Fortunately, what actually happens at the National Wind Technology Center is much less dangerous and much more beneficial to the enhancement of the wind energy industry in the United States. The nearly 100 employees at the NWTC study the efficiency of wind turbines and components in order to help the industry achieve greater productivity and become more cost effective, with the ultimate goal of increasing the penetration of wind energy throughout the country.
On the technical side, the NWTC focuses on the advancement of both utility-scale and small wind turbine systems through testing systems (like hanging weights from blades to see how they may wear and perhaps even tear), modeling of aerodynamics and structural mechanics, and integration systems studies.
NWTC also coordinates the DoE’s Wind Powering America Program that focuses on local audiences, such as states, tribes, public utility commissions, or legislatures, to “mitigate the nontechnical barriers to wind integration.” They use tools like the Job & Economic Development Impact (JEDI) [Economic] Model, to illustrate to local communities how in both the near and long-terms, wind is a viable and valuable source of energy. In short, they’re showing people across America, what wind can do for them.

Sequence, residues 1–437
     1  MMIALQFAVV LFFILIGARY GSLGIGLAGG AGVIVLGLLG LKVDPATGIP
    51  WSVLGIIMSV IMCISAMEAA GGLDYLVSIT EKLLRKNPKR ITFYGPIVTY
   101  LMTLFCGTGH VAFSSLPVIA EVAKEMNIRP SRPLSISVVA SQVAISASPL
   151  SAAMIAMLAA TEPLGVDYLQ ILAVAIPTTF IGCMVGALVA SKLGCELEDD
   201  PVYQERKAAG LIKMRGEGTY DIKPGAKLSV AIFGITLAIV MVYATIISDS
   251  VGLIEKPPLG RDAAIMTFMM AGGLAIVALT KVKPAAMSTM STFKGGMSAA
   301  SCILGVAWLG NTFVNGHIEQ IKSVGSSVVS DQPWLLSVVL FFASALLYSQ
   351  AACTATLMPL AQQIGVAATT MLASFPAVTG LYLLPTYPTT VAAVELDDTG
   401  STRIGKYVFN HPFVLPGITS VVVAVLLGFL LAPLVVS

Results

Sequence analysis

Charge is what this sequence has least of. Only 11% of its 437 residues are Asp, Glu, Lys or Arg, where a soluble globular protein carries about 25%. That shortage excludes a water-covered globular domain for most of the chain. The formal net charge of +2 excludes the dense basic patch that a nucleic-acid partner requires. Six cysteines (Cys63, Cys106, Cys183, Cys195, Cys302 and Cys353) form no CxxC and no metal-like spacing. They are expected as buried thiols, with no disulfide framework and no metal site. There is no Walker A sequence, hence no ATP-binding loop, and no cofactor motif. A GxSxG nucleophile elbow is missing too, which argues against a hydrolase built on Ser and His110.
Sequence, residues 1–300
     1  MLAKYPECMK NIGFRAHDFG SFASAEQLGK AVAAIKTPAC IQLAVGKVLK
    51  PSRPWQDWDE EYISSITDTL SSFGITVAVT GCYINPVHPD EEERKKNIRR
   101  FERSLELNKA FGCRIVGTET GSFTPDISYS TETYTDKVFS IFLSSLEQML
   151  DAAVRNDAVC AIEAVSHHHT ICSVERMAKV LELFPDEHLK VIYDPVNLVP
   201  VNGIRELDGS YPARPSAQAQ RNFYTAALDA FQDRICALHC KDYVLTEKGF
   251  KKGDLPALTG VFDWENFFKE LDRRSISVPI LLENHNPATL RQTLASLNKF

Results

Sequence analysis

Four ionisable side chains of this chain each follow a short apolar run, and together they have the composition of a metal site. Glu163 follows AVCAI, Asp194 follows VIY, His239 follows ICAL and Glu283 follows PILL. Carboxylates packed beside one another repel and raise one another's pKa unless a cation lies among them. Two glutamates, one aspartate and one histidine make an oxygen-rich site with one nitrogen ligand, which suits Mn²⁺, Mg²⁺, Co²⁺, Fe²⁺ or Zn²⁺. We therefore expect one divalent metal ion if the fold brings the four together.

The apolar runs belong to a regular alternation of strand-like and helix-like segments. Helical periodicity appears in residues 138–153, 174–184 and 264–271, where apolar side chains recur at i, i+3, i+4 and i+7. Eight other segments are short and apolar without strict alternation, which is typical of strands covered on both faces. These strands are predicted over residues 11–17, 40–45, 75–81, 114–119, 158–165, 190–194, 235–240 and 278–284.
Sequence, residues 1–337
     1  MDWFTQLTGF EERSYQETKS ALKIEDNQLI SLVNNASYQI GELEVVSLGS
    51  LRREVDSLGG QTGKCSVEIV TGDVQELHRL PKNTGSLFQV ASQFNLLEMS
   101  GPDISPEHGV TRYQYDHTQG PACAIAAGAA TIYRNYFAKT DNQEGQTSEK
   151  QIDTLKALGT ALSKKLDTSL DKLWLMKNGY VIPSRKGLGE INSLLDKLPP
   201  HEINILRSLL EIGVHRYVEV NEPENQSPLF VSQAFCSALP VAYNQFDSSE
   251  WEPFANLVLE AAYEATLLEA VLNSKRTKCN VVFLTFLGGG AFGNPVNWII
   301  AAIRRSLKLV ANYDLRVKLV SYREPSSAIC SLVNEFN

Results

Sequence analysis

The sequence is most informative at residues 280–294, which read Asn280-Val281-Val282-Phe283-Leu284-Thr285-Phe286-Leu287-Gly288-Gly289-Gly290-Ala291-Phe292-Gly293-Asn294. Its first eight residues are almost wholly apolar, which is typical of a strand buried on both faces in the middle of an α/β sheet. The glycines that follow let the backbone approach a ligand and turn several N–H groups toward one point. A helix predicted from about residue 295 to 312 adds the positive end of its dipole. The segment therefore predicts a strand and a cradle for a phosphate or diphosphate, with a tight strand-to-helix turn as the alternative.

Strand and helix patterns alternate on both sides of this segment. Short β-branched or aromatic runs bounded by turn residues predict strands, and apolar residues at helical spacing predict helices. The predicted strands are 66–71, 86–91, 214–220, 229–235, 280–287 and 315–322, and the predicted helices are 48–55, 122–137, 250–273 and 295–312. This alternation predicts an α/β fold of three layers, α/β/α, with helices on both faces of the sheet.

Amidst cutbacks at NREL, the Wind for Schools program, an important part of Wind Powering America, was expanded to include 11 more states that will benefit from small wind systems, which link local communities directly to the benefits of wind energy.
Although it works without dagger shoes, homing pills, or laser-beam watches, the NTWC is making great strides in the national movement toward further innovation and progress in renewable energy development, and specifically, of the homegrown “secret weapon” that is wind power.
By Anyah Dembling (AWEA), www.awea.org/blog/